Goodnight everyone, and have a beautiful spring weekend!

Every Friday night we smooth our way into the weekend with music, the universal language. These selections demonstrate that despite what is being passed off as art today, there is plenty of really good music available. Come along and enjoy!

The first day of spring, officially referred to as the vernal equinox,  arrived this year on March 20. That was over a month ago.

Spring didn’t really feel like spring though until earlier this week. So we must celebrate musically.

Let’s get started.

Carly Simon recorded an album of old movie songs in 1997. Famed film director Martin Scorsese wrote about the album on Simon’s website:

“Carly Simon displays a true feel for the music but also for the texture of these films and their moment in history. Her immaculately arranged interpretations of standards are respectful of their historical origins but at the same time possess a completely contemporary aura. In this lovely collection, Carly Simon pays tribute to everything that is lasting in these movies that continue to haunt our imaginations fifty years after they were made.”

Jimmy Webb co-produced the album and contributed vocals, orchestration and his work on the piano.

We open with a very appropriate song, especially this spring season,  that was first  featured in the 1944 film “Christmas Holiday” sung by Deanna Durbin.

That poignant duet is one of the many great tracks on the CD.

Toronto-based chanteuse Sophie Milman has been recording since 2005 when she quickly became Canada’s hottest young jazz singer.

When she was growing up, living in Israel (Milman had moved there from Russia where she was born), she developed an affection for Western singers.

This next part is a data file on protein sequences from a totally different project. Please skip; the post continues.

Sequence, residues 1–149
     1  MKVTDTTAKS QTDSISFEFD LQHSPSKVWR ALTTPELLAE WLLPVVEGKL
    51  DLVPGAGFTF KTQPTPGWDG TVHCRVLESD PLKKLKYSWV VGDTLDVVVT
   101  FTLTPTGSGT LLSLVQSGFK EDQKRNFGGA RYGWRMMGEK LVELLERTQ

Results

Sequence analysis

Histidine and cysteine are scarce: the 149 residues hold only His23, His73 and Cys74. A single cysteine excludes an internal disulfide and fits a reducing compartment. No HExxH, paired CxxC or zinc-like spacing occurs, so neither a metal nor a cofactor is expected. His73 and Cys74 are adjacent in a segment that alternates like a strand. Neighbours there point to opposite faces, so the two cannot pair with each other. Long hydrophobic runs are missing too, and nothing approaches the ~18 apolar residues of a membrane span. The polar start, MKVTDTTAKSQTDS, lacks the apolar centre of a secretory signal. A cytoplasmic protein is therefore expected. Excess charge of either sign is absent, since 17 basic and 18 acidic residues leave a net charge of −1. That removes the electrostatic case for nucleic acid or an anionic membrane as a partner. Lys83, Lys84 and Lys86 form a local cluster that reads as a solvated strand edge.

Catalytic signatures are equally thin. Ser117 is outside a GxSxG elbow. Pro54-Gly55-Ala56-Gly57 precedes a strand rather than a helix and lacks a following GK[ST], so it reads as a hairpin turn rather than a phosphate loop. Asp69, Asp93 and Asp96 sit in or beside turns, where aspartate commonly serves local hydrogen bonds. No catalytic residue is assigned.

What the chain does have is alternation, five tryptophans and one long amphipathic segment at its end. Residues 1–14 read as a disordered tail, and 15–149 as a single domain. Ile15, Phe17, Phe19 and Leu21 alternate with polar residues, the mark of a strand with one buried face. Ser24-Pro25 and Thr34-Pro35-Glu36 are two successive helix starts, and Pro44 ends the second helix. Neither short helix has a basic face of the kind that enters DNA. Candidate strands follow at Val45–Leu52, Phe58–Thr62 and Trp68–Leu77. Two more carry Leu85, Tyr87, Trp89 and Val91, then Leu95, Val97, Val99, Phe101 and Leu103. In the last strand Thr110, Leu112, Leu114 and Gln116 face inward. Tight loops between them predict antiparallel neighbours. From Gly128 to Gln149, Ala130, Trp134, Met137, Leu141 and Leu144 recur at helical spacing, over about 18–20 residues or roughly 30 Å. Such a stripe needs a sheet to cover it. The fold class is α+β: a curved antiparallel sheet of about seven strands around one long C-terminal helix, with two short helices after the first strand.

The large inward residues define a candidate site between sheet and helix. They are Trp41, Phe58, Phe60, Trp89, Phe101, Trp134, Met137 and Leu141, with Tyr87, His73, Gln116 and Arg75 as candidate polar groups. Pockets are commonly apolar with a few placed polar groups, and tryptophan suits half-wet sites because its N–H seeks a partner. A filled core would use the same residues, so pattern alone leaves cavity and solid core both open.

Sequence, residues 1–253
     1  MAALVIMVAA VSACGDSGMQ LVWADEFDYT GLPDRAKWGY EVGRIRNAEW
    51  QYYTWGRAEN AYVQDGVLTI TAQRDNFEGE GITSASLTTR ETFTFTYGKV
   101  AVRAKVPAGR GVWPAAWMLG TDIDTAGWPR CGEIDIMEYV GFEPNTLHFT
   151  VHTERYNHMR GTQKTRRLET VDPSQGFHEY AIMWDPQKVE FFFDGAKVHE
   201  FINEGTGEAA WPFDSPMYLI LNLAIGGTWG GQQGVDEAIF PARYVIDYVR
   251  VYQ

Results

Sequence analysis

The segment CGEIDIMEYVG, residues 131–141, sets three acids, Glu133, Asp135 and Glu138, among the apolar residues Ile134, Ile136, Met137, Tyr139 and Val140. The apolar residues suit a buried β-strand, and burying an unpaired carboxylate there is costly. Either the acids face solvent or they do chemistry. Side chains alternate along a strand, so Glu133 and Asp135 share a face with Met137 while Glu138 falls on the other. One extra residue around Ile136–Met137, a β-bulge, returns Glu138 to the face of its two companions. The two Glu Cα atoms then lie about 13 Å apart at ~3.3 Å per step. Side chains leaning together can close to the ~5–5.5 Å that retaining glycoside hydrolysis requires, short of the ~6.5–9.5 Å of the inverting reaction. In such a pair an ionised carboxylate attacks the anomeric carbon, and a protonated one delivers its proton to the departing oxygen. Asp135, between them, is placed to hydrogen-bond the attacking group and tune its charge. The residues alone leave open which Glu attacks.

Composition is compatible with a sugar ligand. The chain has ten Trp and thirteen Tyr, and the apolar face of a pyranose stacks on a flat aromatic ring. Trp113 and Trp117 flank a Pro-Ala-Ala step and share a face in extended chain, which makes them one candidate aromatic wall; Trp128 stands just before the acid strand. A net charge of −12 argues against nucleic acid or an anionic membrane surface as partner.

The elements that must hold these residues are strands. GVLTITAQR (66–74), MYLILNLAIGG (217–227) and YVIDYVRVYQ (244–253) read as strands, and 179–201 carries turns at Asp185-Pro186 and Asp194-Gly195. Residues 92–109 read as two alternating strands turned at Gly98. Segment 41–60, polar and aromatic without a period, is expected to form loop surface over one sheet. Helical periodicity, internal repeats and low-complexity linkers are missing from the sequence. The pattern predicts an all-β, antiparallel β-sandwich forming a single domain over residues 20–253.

“The first North American record I ever heard was Mahalia (Jackson),” she said. “At first, it freaked me out completely and I started crying. I said, ‘Dad, why are you playing this? It is so loud and so moving that I can’t handle it.’ Of course, my parents don’t do anything halfway; it’s always cranked up, full volume. We were probably the only Jewish family in Israel blaring gospel music out of our little apartment.”

Christopher Loudon wrote in Jazz Times:

“What would happen if you simultaneously poured drawn butter and warm honey over a block of dry ice? Since I barely passed high-school physics, I have no idea, but suspect the chemical reaction might be equitable to the sensuous sound of Sophie Milman.”

National Public Radio’s Scott Simon  said “Sophie Milman has a classic jazz voice that evokes smoky lounges, softly clinking glasses and the cool of the night.”

From the 1945 film “State Fair,”  a Richard Rodgers and Oscar Hammerstein collaboration…

May be an image of 1 person

“Sophie’s vocals soar with a sound that is rich, contemporary and controlled. Here’s a woman who’s not even 30 and it sounds like she’s been doing this forever.”
– Marc Andrews

This next song was composed by the great Irving Berlin in 1926 and was first performed in the Rodgers and Hart musical “Betsy, ” sung by Belle Baker. The play didn’t do very well, but this particular song was an instant favorite.  It’s been reported that on the opening night of “Betsy” the audience requested that Baker sing 24 encores of that tune.

Soon after the song was included in the milestone film “The Jazz Singer.”

Here’s the re-invented Rod Stewart having a pretty good time with it.

Next, Nancy Sinatra hosted an NBC-TV special in 1967 that was called the “full-hour musical spectacular that won Nancy Sinatra the coveted Hollywood Star of Tomorrow award.”

This is a wonderful piece of TV variety history.

In “Movin’ with Nancy” her father sings a classic from the 1949 Rodgers and Hammerstein musical “South Pacific.”

That’s it for this week’s segment.


Sleep well.

Have a great weekend.

We close with Andre Rieu and his Orchestra and a Johann Strauss II classic.

One thought on “Goodnight everyone, and have a beautiful spring weekend!

  1. Pingback: My Most Popular Blogs (04/30/18) | This Just In… From Franklin, WI

Leave a Reply

Fill in your details below or click an icon to log in: Logo

You are commenting using your account. Log Out /  Change )

Twitter picture

You are commenting using your Twitter account. Log Out /  Change )

Facebook photo

You are commenting using your Facebook account. Log Out /  Change )

Connecting to %s